Body dysmorphic disorder (BDD) is characterized by a severe preoccupation with a defect in physical appearance that is objectively slight or may even be unobservable, resulting in distress and impairment in social and/or occupational functioning . Two epidemiological surveys among the German general population revealed a point prevalence of 1.7–1.8%  and , and a prevalence rate of 2.4% was found among the general population of the United States of America . BDD was first included in DSM-III as an example of an atypical somatoform disorder called “dysmorphophobia” . In the course of subsequent DSM-editions, BDD was classified in the somatoform section as a self-contained disorder. In DSM-IV (and DSM-IV-TR) the BDD diagnosis was based on three criteria  and : preoccupation with appearance, distress and impairment, and appearance concerns that are not better accounted for by any other mental disorder. The recently published DSM-5 has experienced two important changes concerning the classification of BDD : a relocation of the diagnosis and an extension of the diagnostic criteria. In DSM-5, BDD is now classified under the new category “obsessive–compulsive and related disorders”, along with obsessive–compulsive disorder, trichotillomania, hoarding disorder, and excoriation disorder. In addition, a new criterion has been defined requiring that “at some point during the course of the disorder, the person has performed repetitive behaviors (e.g., mirror checking, excessive grooming, skin picking, reassurance seeking), or mental acts (e.g., comparing his or her appearance with that of others) in response to the appearance concerns” (p. 242, DSM-5 ). Furthermore, a specifier for muscle dysmorphia was added as well as a specifier that indicates the degree of insight regarding BDD beliefs. Apart from that, some minor revisions have been made such as more precise phrasing and changes in the wording. The classification of BDD as a somatoform disorder has often been questioned and similarities between BDD and obsessive–compulsive disorder, social phobia, eating disorders, and affective disorders, have been discussed. Most research has focused on the relationship between BDD and obsessive–compulsive disorder, with empirical evidence underpinning the inclusion of BDD among the obsessive–compulsive and related disorders , , ,  and . The high comorbidity between BDD and obsessive–compulsive disorder ,  and  as well as similar characteristics  and  such as repetitive thoughts and behaviors, an early onset and a chronic course of the disease  and , shared genetic factors , and neurobiological features  and , indicate that BDD and obsessive–compulsive disorder are related disorders. Because of these similarities, classification of BDD among the obsessive–compulsive and related disorders has been widely supported . Nonetheless, BDD and obsessive–compulsive disorder represent distinct disorders ,  and  and therefore merit independent diagnoses. The new DSM-5 criterion for a BDD diagnosis, which requires the presence of repetitive behaviors or mental acts (at some point during the course of the disorder), reflects the likely relatedness of BDD to obsessive–compulsive and related disorders  and may help to differentiate BDD from other disorders such as major depression or social phobia . Furthermore, repetitive behaviors and thoughts are considered to be key aspects of the clinical picture of BDD. For example, grooming, camouflaging, and mirror checking, are common acts  performed by individuals with BDD, with the aim to correct, hide, or distract from perceived defective body parts. Focusing on unattractive body parts, rumination, mental rituals or other mental acts are also often reported by individuals with BDD  and . They suffer from these symptoms as they are time-consuming and can last several hours or the entire day . However, BDD prevalence has not yet been established using the newly added criterion requiring repetitive behaviors and cognitive processes. Some diagnostic concepts and assessment procedures ,  and  suggested the use of a time-criterion to differ between degrees of BDD severity. The Structured Clinical Interview for DSM-IV  adds a time-requirement to BDD criterion A and specifies that preoccupation with appearance should last for at least one hour/day. The same procedure was used in a German general population survey . However, the Yale-Brown Obsessive–Compulsive Scale, modified for BDD , proposed degrees of severity based on the average time an individual is occupied with thoughts as well as behaviors regarding appearance concerns. A proposal for BDD severity was also made during the DSM-5 development process (www.dsm5.org update nov-8-2010) including the daily amount of time spent on concerns and repetitive behaviors related to physical appearance.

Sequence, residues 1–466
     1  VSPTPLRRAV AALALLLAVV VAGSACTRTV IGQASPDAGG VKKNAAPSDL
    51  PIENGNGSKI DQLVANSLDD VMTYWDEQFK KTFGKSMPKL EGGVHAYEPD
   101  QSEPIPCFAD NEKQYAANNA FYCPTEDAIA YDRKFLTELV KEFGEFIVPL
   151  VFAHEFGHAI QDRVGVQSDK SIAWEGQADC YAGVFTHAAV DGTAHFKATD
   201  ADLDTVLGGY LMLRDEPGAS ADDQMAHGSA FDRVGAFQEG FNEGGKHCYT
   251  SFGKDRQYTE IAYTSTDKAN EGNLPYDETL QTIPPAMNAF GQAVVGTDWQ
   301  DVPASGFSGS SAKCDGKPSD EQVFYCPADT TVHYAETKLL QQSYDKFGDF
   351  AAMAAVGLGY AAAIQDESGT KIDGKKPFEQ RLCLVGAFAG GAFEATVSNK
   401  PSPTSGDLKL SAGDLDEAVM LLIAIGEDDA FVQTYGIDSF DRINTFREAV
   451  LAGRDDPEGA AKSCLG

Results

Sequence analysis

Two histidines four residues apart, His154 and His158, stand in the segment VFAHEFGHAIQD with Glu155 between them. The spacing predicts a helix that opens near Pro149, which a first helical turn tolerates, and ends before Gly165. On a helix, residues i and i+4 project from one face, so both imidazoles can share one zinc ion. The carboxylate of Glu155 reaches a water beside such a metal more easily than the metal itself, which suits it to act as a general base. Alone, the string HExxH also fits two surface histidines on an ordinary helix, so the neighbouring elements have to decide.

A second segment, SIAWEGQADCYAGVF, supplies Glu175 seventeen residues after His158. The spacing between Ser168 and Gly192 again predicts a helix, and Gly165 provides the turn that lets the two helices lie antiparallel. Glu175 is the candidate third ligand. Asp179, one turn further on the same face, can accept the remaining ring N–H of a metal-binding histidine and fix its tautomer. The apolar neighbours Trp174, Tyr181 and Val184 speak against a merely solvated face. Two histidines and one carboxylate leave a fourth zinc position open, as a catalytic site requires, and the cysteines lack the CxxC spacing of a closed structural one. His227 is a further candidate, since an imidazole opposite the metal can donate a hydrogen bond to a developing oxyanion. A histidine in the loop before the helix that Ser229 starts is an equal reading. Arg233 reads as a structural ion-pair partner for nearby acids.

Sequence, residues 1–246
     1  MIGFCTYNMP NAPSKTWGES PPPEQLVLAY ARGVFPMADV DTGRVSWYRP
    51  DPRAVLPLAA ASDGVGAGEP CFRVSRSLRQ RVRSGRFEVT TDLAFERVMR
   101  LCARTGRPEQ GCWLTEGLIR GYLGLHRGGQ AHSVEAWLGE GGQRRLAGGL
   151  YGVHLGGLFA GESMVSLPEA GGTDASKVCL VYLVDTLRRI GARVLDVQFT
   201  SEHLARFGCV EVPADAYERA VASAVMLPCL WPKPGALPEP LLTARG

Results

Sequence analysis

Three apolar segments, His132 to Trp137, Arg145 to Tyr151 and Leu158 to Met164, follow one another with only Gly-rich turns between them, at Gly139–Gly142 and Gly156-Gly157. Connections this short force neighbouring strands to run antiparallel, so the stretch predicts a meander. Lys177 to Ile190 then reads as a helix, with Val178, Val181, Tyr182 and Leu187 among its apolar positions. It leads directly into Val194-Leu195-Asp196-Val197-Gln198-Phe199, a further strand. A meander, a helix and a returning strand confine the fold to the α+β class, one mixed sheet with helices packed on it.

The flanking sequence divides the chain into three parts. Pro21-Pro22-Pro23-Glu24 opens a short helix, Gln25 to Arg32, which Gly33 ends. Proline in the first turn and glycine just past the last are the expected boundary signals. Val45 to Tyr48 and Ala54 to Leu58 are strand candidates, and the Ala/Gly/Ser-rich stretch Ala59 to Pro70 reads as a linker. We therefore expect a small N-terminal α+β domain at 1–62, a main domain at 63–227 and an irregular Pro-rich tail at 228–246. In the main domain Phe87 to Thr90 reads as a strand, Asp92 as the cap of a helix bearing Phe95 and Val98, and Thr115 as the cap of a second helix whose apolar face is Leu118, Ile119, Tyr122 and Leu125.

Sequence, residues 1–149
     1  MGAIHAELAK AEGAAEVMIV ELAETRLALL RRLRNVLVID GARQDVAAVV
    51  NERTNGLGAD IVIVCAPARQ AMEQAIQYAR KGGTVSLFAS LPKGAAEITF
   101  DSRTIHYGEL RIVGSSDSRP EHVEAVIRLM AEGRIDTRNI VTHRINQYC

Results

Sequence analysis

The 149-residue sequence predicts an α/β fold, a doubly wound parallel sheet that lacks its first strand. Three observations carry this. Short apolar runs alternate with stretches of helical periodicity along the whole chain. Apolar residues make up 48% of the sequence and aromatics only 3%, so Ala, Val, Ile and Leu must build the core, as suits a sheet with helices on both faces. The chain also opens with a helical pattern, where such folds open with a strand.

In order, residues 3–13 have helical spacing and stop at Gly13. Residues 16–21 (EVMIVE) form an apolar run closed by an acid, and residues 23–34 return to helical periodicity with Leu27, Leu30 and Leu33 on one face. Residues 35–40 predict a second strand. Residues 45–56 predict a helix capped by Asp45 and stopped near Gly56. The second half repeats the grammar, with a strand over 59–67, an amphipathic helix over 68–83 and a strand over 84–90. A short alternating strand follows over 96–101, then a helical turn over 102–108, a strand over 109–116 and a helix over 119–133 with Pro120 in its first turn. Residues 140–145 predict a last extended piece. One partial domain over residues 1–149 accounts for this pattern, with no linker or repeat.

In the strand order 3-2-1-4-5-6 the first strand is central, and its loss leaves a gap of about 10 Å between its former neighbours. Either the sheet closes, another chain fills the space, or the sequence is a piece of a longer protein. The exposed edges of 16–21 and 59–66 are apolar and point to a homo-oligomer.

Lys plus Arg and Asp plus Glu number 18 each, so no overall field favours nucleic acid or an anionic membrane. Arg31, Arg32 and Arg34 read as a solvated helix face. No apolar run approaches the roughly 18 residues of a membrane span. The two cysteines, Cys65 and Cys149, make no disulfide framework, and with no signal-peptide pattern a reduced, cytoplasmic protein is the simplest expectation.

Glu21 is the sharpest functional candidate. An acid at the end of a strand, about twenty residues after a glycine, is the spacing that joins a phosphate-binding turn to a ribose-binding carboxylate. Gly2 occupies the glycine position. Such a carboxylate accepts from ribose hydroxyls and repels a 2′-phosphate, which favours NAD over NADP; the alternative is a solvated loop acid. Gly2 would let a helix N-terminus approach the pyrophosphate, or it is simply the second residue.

نتیجه گیری انگلیسی
The advantage of the new DSM-5 criteria is that repetitive behaviors or mental acts, with respect to appearance concerns, are now considered to be a characteristic of BDD. Thus, the clinical picture of BDD is better defined. However, the new criteria do not appear to considerably affect the BDD case identification. Our findings show that almost the same BDD cases were identified using DSM-IV criteria, as were identified using DSM-5 criteria. Nevertheless, the newly specified criterion B may be useful to distinguish between various degrees of severity of BDD, e.g. considering the amount of time spent on repetitive behaviors.